PSYCHOSOCIAL ASPECTS OF CARE
The emotional response of the patient during illness is of extreme importance. The mind-body-spirit connection is wellestablished; it is known, for example, that when a physiological response occurs, there is a corresponding psychological response. Also, there are physiological conditions that have a psychological component, for example,the emotional instability associated with steroid therapy or Cushing’s syndrome or the irritability of hypoglycemia.Rapid growth in the field of psychoneuroimmunology is regularly providing new information about these issues.With expanding technology in healthcare, ethical issues are hotly debated. Although the stress of illness is wellrecognized, the effect on the individual is unpredictable. It is not necessarily the event that creates problems, but rather the patient’s perception of and response to the event, which may result in unmet psychological needs that drain energyresources needed for healing. The caregivers’, patients’, and significant others’ (SOs) values, sensitivity to differentcultures, and language barriers (including difficulties that people have in talking about their bodies) affect the care a patient expects and receives.
Any setting in which nursing contact occurs/care is provided.
This is an aspect of all care and plans of care.
Assessment Factors To Be Considered
Age and gender Religious affiliation: Church attendance, importance of religion in patient’s life, belief in life after deathLevel of knowledge/education; how the individual accesses and incorporates information, i.e., auditory, visual,kinestheticPatient’s dominant language/literacy; knowledge and use of other languages; style of speechPatterns of communication with SOs, with healthcare giversPerception of body and its functions: In health, illness, this illnessHow does patient define and perceive illness?How is patient experiencing illness versus what illness actually is?Emotional response to current treatment/hospitalizationPast experience with illness, hospitalization, and healthcare systemsEmotional reactions in feeling (sensory) terms: e.g., states, “I feel scared”Behavior when anxious, afraid, impatient, withdrawn, or angry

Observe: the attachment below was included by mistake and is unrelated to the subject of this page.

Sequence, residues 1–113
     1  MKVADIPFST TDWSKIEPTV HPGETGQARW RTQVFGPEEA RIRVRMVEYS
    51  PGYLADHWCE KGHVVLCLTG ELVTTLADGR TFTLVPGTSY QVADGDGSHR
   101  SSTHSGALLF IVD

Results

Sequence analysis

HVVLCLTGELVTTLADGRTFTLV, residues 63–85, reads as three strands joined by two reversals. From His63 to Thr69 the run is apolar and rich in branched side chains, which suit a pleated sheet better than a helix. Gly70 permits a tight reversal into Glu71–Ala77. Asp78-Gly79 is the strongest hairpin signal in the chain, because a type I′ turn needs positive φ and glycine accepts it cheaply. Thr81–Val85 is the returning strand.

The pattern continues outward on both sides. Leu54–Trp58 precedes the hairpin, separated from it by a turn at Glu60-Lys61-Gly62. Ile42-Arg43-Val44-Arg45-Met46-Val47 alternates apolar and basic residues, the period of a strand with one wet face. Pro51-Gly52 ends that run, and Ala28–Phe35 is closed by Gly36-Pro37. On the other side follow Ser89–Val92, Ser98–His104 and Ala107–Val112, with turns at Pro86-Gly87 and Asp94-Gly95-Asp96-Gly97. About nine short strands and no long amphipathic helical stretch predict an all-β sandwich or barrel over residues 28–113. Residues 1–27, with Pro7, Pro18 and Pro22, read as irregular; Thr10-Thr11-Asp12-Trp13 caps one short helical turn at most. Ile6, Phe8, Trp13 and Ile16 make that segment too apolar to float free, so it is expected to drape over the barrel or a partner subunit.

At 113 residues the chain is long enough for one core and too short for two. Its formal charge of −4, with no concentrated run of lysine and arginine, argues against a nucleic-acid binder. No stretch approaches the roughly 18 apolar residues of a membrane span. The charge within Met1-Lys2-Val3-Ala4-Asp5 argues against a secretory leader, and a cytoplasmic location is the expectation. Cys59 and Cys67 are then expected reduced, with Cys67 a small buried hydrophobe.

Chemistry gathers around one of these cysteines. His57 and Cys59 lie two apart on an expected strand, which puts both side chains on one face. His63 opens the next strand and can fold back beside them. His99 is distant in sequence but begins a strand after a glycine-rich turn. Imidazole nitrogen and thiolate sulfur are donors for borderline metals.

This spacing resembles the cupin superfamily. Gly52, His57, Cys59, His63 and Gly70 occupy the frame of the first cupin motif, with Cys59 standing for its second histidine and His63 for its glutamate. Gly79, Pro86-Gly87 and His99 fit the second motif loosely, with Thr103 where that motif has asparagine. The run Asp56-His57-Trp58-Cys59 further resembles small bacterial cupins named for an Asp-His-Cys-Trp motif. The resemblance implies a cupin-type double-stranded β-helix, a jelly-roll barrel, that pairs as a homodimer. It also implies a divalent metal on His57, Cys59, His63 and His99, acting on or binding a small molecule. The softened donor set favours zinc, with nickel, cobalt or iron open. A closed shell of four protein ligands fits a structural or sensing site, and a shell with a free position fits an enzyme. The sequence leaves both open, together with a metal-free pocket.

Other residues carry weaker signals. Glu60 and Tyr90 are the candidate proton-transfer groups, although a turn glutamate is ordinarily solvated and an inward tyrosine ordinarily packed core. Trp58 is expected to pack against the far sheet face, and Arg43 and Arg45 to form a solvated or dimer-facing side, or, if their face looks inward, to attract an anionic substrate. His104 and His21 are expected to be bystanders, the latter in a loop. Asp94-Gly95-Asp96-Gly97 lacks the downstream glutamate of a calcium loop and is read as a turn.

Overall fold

Marital status; SOs, nuclear family, extended family; recurring or patterned relationshipsFamily development cycle: Just married, children (young, adolescent, leaving/returning home), retiredWhat are the interaction processes within the family?Patient’s role in family tasks and functionsHow are SOs affected by the illness and prognosis?Lifestyle differences that need to be considered: Dietary, spiritual, sexual preference, other community (e.g., religiousorder, commune, retirement center)
Employment; financesEnvironmental factors: residence, work, and recreation; out of usual environment (on vacation, visiting)Social class; value systemSocial acceptability of disease/condition (e.g., sexually transmitted diseases [STDs], HIV, obesity, substance abuse)
Ethnic background; heritage and residence/localeBeliefs regarding caring and curing